The robots are coming to take your job! No they aren’t!
Sure, millions of workers will be replaced by machines, but WEF reckons millions more jobs will be created
There has been a lot of speculation and outcry recently over fears that the rise of artificial intelligence will threaten human jobs in the developed world. A study by the Fabian Society and the Community trade union in the UK found that over six million people in Britain are worried that their jobs could be replaced by machines by 2028.
A new study by the World Economic Forum seems to suggest that the rise of robots in the workplace may in fact have the opposite result. The study, which surveyed 15 million workers in 20 countries, estimates that over the next decade 133 million jobs could be created, which is almost double the amount of jobs than the 75 million estimated to be displaced by the increase in the use of robots and other forms of artificial intelligence.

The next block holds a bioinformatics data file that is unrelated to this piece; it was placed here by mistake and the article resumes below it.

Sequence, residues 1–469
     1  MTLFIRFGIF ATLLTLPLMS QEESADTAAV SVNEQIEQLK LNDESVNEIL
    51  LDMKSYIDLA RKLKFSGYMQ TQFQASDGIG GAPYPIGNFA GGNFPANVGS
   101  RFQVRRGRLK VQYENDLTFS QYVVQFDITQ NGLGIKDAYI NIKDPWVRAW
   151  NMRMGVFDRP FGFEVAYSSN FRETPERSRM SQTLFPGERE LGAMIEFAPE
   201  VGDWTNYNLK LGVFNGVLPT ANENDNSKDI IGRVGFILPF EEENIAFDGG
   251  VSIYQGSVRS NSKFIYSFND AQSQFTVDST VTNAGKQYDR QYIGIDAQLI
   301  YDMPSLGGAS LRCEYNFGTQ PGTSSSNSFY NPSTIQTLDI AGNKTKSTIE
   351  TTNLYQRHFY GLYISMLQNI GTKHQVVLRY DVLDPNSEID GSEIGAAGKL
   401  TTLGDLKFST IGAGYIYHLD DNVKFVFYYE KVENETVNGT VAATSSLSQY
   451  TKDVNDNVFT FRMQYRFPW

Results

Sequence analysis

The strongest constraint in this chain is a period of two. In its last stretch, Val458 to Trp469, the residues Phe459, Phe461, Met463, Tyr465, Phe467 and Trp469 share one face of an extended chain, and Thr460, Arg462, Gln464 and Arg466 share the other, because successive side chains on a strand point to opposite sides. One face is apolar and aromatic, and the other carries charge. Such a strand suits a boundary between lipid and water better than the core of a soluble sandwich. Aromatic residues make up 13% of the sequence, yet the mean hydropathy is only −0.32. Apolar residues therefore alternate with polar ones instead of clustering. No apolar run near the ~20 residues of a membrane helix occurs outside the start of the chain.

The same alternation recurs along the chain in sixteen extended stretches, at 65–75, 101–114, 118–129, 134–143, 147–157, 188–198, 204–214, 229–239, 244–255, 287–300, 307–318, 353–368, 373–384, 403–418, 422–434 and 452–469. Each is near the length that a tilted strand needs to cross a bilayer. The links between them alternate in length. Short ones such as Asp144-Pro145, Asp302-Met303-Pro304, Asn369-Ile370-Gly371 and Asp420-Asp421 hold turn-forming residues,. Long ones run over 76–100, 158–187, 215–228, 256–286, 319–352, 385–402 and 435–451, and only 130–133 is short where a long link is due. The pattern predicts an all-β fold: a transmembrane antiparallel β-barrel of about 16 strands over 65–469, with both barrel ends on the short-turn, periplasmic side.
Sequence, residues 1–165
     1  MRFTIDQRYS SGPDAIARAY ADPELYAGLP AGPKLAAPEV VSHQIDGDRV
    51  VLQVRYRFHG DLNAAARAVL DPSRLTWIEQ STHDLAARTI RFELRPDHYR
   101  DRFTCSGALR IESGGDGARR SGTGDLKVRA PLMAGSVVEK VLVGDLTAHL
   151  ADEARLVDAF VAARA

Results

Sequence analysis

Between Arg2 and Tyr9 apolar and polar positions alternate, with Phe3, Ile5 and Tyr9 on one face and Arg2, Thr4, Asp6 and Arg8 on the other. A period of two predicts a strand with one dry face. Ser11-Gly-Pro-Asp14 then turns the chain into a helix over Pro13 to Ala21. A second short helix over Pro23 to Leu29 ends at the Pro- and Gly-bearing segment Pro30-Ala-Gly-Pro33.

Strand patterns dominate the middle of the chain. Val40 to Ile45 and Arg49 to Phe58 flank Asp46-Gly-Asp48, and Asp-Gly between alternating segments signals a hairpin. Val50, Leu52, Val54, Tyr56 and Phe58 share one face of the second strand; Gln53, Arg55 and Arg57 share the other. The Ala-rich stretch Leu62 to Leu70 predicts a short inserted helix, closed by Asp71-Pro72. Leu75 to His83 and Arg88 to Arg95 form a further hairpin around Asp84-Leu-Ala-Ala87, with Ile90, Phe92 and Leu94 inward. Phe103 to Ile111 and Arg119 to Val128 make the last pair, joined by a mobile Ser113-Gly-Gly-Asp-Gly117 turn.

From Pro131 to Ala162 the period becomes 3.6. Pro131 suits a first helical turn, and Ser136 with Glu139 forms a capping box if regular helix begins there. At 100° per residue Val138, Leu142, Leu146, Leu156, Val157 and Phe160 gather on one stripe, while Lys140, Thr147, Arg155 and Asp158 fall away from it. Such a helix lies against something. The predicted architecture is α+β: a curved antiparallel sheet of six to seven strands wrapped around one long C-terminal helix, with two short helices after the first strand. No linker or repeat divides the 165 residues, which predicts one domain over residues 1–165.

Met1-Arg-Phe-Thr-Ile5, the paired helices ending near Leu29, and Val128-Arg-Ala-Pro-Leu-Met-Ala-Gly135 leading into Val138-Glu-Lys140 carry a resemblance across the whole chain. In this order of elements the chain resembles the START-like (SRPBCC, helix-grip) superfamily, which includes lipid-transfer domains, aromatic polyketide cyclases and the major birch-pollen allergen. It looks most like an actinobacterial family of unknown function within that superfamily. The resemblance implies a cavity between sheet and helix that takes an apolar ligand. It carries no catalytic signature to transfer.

According to a recent Guardian article, the report “suggests that new technologies have the capacity to both disrupt and create new ways of working, similar to previous periods of economic history such as the Industrial Revolution, when the advent of steam power and then electricity helped spur the creation of new jobs and the development of the middle class”.
The chairperson of the WEF, Klaus Schwab, said that gains from technology were not, however, a “foregone conclusion”. He urged “governments, businesses, educators and individuals alike to take advantage of a rapidly closing window to create a new future of good work for all”.